8311. The peoples have heard. That this signifies all who are in falsity from evil everywhere, is evident from the signification of "peoples," as being those who are in truths from good, and in the opposite sense those who are in falsities from evil (see n. 1259, 1260, 3295, 3581, 4619). It is said "in falsities from evil," to distinguish them from those who are in falsities and yet in good. In falsities and at the same time in good are, within the church, those who are in heresies and in a life of good; and, without the church, all who are in good. But with these, falsities do not condemn, unless they are such falsities as are opposed to good, and destroy the very life of good. But the falsities which are not opposed to good are indeed in themselves falsities, but relatively to the good of life, to which they are not opposed, they almost put off the quality of falsity, which is done through application to good. For such falsities can be applied to good, and they can be applied to evil. If they are applied to good, they become mild; but if to evil, they become hard; for falsities can be applied to good equally as truths can be applied to evil, for all truths whatever are falsified through applications to evil. Take as an example that faith alone saves. In itself this is a falsity, especially with the evil, who thus shut out the good of charity as contributing nothing at all to salvation. But this falsity becomes mild with those who are in the good of life, for they apply it to good, saying that faith alone saves, but that it is not faith except together with its fruit, consequently except where good is. So in all other cases.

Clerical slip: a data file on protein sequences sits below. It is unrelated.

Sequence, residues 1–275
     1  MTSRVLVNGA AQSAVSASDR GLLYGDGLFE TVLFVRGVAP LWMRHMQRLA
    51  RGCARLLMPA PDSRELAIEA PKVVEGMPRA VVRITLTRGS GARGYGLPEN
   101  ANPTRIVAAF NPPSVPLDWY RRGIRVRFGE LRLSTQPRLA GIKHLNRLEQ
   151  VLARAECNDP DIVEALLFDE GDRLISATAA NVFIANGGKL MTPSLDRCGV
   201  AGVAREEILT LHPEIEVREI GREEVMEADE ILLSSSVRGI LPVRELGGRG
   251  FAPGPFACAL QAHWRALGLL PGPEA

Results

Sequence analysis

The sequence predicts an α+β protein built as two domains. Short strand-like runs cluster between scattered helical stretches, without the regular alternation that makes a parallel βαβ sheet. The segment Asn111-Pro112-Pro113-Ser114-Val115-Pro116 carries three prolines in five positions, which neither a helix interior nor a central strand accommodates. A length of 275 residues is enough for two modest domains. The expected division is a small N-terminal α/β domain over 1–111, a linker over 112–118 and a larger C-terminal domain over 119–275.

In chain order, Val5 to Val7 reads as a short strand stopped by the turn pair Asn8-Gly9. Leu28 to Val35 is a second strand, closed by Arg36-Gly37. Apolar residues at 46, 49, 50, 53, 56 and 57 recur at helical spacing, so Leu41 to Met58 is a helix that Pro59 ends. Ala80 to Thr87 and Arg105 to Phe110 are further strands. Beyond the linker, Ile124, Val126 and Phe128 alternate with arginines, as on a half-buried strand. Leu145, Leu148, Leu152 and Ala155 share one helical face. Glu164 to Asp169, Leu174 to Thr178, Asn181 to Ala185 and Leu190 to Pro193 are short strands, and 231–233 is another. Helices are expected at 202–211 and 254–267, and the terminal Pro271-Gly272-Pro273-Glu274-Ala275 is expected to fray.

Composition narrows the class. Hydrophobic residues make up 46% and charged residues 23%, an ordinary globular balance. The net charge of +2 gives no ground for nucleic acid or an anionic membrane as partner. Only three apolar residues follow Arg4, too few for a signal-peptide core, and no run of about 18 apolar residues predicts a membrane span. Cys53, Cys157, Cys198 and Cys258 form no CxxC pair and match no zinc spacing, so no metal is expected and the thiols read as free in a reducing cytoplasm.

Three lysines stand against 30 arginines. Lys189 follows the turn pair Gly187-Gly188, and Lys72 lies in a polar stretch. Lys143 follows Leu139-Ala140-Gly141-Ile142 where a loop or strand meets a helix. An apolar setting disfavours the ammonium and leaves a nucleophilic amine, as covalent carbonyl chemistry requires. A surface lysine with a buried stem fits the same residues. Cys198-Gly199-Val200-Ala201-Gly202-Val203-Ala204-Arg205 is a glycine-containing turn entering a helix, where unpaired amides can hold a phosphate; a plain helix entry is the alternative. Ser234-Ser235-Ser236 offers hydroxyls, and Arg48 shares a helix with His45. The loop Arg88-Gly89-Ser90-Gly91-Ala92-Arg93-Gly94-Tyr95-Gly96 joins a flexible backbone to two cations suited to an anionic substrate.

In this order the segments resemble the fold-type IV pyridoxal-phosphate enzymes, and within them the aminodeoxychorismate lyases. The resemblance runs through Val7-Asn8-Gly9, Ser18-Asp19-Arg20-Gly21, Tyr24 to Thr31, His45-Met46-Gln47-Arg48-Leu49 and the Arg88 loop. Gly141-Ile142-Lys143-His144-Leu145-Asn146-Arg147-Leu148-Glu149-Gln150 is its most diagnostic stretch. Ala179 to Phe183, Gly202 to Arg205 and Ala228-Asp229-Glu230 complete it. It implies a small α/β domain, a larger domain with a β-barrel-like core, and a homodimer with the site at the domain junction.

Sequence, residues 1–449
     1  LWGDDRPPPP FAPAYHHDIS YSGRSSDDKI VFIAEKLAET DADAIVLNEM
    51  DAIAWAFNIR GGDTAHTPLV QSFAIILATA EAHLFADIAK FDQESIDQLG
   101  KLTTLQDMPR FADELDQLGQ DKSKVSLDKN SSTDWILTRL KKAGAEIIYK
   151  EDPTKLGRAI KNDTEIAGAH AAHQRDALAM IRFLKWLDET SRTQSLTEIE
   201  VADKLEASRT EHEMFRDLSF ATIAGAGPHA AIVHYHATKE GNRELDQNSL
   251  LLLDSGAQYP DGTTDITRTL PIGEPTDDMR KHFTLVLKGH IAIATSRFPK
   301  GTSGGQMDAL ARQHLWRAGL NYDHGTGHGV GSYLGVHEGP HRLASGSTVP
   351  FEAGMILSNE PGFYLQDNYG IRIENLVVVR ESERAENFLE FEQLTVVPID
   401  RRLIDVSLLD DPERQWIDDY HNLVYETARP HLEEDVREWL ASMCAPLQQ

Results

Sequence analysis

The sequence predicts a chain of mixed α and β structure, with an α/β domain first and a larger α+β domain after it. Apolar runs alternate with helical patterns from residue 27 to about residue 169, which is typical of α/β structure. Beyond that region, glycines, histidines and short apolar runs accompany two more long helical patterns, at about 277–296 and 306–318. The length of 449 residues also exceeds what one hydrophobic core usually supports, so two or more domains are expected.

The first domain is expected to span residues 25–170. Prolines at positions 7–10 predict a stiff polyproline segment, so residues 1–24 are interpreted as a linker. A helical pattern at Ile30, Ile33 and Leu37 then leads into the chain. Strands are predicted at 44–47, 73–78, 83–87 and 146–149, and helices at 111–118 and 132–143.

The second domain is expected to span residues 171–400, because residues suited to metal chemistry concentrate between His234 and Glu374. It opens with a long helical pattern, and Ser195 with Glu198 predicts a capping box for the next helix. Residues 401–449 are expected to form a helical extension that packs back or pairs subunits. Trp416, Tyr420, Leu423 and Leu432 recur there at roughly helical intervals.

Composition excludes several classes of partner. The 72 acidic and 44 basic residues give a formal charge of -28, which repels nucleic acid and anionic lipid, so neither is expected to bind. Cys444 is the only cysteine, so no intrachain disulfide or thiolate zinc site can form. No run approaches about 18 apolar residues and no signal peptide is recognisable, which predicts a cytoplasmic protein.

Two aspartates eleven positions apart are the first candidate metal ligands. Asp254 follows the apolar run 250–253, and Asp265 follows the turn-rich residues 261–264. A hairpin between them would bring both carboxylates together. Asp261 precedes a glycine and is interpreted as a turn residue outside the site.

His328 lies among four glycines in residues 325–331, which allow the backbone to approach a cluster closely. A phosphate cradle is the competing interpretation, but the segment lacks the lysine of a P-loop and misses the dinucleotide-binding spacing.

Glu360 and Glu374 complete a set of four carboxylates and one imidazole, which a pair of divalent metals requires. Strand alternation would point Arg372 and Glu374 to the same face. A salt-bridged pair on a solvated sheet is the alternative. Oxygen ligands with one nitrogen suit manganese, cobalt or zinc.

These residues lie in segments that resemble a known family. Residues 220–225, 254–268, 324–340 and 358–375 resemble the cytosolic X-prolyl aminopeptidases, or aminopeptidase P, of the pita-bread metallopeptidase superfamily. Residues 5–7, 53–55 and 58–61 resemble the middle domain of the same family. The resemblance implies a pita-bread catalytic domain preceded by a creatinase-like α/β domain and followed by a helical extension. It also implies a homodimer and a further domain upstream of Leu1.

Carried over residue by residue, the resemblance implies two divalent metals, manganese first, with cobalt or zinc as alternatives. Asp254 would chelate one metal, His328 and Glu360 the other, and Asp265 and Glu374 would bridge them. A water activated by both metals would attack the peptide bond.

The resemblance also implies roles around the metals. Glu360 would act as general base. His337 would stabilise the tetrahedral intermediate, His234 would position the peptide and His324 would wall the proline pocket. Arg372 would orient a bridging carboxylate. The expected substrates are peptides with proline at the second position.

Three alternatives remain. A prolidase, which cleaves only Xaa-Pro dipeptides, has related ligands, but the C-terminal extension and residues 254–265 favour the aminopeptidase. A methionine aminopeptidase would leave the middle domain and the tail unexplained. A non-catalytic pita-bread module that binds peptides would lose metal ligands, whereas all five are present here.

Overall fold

In what now follows, all those are treated of who had been in falsities from evil, and in evil from falsities, and who were cast into hell when the Lord came into the world. For there are very many kinds of evil, and consequently also of falsity, because every kind of evil has its falsity adjoined to it. For falsity is produced from evil, and is evil in form, just as the understanding with man is the form of his will; because the will shows itself in the light through what is of the understanding, and effigies and forms itself, and presents itself by means of images, and these by means of ideas, and these again by means of words. These things have been said that it may be known that there are many kinds of evil and of the derivative falsity. These were first described under the name of "the Egyptians;" and now in these verses under the name of "the inhabitants of Philistia," under the name of "the leaders of Edom," "the mighty ones of Moab," and "the inhabitants of Canaan," of all of whom it is said that consternation and terror had taken possession of them, because they had heard that those who were in faith separate from charity and in a life of evil, who were signified by "the Egyptians," had been cast into hell, and that they in like manner were to be cast down into hell, in order that those who were in truth and good might pass through safe and unhurt, and be brought to heaven. This last is signified by the words of the following verses (16, 17): "fright and dread are fallen upon them, in the greatness of Thine arm they shall be destroyed as a stone, until Thy people shall pass over, O Jehovah, until shall pass over this people which Thou hast taken possession of; Thou shall bring them in, and plant them in the mountain of Thine inheritance, the place of Thy dwelling."